javascript - Writing files in Node.js

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Top 5 Answer for javascript - Writing files in Node.js

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There are a lot of details in the File System API. The most common way is:

const fs = require('fs');  fs.writeFile("/tmp/test", "Hey there!", function(err) {     if(err) {         return console.log(err);     }     console.log("The file was saved!"); });   // Or fs.writeFileSync('/tmp/test-sync', 'Hey there!'); 
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Currently there are three ways to write a file:

  1. fs.write(fd, buffer, offset, length, position, callback)

    You need to wait for the callback to ensure that the buffer is written to disk. It's not buffered.

  2. fs.writeFile(filename, data, [encoding], callback)

    All data must be stored at the same time; you cannot perform sequential writes.

  3. fs.createWriteStream(path, [options])

    Creates a WriteStream, which is convenient because you don't need to wait for a callback. But again, it's not buffered.

A WriteStream, as the name says, is a stream. A stream by definition is “a buffer” containing data which moves in one direction (source ► destination). But a writable stream is not necessarily “buffered”. A stream is “buffered” when you write n times, and at time n+1, the stream sends the buffer to the kernel (because it's full and needs to be flushed).

In other words: “A buffer” is the object. Whether or not it “is buffered” is a property of that object.

If you look at the code, the WriteStream inherits from a writable Stream object. If you pay attention, you’ll see how they flush the content; they don't have any buffering system.

If you write a string, it’s converted to a buffer, and then sent to the native layer and written to disk. When writing strings, they're not filling up any buffer. So, if you do:

write("a") write("b") write("c") 

You're doing:

fs.write(new Buffer("a")) fs.write(new Buffer("b")) fs.write(new Buffer("c")) 

That’s three calls to the I/O layer. Although you're using “buffers”, the data is not buffered. A buffered stream would do: fs.write(new Buffer ("abc")), one call to the I/O layer.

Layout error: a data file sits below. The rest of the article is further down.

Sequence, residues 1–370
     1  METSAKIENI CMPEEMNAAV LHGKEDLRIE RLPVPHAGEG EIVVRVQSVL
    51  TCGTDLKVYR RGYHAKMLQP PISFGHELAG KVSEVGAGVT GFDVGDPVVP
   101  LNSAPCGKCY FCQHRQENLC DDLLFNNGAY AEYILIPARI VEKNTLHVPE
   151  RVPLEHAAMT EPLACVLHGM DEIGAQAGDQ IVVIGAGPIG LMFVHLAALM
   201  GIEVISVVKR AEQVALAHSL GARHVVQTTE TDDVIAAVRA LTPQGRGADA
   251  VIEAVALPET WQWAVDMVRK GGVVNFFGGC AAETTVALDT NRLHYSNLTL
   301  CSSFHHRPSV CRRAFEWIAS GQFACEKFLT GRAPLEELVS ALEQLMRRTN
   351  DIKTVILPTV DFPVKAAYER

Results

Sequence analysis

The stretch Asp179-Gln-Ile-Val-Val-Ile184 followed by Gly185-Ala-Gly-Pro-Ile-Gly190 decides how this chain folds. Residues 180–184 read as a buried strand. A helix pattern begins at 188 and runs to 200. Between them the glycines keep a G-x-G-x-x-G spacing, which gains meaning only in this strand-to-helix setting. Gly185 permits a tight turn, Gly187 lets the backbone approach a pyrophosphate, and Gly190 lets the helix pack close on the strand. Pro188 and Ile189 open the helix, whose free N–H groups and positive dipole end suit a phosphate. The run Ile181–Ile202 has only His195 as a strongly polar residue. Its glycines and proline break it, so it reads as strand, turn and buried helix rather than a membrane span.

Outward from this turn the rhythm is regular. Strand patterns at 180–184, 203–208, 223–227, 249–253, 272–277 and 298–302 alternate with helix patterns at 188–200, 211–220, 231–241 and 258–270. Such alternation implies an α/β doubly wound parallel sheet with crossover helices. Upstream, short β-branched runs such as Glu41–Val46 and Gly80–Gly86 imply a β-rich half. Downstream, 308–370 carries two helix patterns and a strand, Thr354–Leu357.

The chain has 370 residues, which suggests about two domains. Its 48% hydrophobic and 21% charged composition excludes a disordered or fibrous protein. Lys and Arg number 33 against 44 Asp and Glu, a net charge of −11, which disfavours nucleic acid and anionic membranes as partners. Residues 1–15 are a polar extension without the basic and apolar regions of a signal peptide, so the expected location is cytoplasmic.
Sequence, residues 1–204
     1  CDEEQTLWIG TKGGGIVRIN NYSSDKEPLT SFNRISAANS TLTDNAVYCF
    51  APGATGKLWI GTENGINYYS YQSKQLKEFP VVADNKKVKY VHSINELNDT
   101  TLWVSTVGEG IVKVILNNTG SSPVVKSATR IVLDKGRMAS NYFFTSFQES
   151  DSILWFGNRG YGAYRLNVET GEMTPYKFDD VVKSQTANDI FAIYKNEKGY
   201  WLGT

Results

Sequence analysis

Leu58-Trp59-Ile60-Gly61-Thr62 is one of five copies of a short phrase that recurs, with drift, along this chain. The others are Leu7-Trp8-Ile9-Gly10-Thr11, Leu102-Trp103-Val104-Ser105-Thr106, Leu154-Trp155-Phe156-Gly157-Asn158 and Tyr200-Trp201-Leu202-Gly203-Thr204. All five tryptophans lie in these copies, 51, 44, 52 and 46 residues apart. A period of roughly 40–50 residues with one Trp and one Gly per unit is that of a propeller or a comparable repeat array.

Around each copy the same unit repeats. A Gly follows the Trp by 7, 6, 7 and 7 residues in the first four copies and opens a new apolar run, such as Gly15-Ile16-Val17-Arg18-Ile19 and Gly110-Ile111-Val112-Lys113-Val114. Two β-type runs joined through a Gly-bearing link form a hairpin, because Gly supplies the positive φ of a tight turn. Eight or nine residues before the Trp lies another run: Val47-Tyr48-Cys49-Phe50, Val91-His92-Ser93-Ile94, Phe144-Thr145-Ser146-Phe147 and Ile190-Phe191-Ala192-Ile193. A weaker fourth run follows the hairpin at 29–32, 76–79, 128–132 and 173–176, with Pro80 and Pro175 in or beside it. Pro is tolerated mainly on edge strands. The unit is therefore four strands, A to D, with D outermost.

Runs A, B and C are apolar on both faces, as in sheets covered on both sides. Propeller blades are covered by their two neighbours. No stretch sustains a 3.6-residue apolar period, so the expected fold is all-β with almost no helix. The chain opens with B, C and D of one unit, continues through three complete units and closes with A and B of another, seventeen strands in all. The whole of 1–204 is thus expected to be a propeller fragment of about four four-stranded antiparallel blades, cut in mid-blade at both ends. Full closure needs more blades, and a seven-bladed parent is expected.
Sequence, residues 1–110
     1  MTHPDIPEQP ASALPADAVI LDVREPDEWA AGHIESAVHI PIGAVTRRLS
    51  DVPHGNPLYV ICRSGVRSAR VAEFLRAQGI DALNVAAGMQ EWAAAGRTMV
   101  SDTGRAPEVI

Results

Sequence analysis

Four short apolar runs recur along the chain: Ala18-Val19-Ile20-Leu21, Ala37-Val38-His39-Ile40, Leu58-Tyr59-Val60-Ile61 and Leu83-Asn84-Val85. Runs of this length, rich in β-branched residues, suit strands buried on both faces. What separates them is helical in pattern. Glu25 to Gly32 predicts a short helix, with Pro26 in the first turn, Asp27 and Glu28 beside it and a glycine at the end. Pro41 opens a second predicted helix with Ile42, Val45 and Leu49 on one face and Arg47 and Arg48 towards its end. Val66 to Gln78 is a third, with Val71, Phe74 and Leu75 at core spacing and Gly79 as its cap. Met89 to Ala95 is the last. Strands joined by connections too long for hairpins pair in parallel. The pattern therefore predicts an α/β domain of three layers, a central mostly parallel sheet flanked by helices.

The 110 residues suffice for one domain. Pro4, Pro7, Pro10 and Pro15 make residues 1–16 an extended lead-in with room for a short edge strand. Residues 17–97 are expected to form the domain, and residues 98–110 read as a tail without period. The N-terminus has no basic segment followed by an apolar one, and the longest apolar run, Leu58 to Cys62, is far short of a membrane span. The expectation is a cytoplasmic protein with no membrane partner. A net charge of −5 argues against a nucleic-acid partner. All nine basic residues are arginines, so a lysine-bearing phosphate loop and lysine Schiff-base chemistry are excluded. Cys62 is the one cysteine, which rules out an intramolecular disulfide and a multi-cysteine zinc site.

As of now, in Node.js v0.12 (stable version announced 02/06/2015) now supports two functions: cork() and uncork(). It seems that these functions will finally allow you to buffer/flush the write calls.

For example, in Java there are some classes that provide buffered streams (BufferedOutputStream, BufferedWriter...). If you write three bytes, these bytes will be stored in the buffer (memory) instead of doing an I/O call just for three bytes. When the buffer is full the content is flushed and saved to disk. This improves performance.

I'm not discovering anything, just remembering how a disk access should be done.

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You can of course make it a little more advanced. Non-blocking, writing bits and pieces, not writing the whole file at once:

var fs = require('fs'); var stream = fs.createWriteStream("my_file.txt"); stream.once('open', function(fd) {   stream.write("My first row\n");   stream.write("My second row\n");   stream.end(); }); 
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Synchronous Write

fs.writeFileSync(file, data[, options])

fs = require('fs');  fs.writeFileSync("foo.txt", "bar"); 

Asynchronous Write

fs.writeFile(file, data[, options], callback)

fs = require('fs');  fs.writeFile('foo.txt', 'bar', (err) => { if (err) throw err; }); 


file <string> | <Buffer> | <URL> | <integer> filename or file descriptor data <string> | <Buffer> | <Uint8Array> options <Object> | <string> callback <Function> 

Worth reading the offical File System (fs) docs.

Update: async/await

fs = require('fs'); util = require('util'); writeFile = util.promisify(fs.writeFile);  fn = async () => { await writeFile('foo.txt', 'bar'); }  fn() 
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var path = 'public/uploads/file.txt', buffer = new Buffer("some content\n");, 'w', function(err, fd) {     if (err) {         throw 'error opening file: ' + err;     }      fs.write(fd, buffer, 0, buffer.length, null, function(err) {         if (err) throw 'error writing file: ' + err;         fs.close(fd, function() {             console.log('file written');         })     }); }); 

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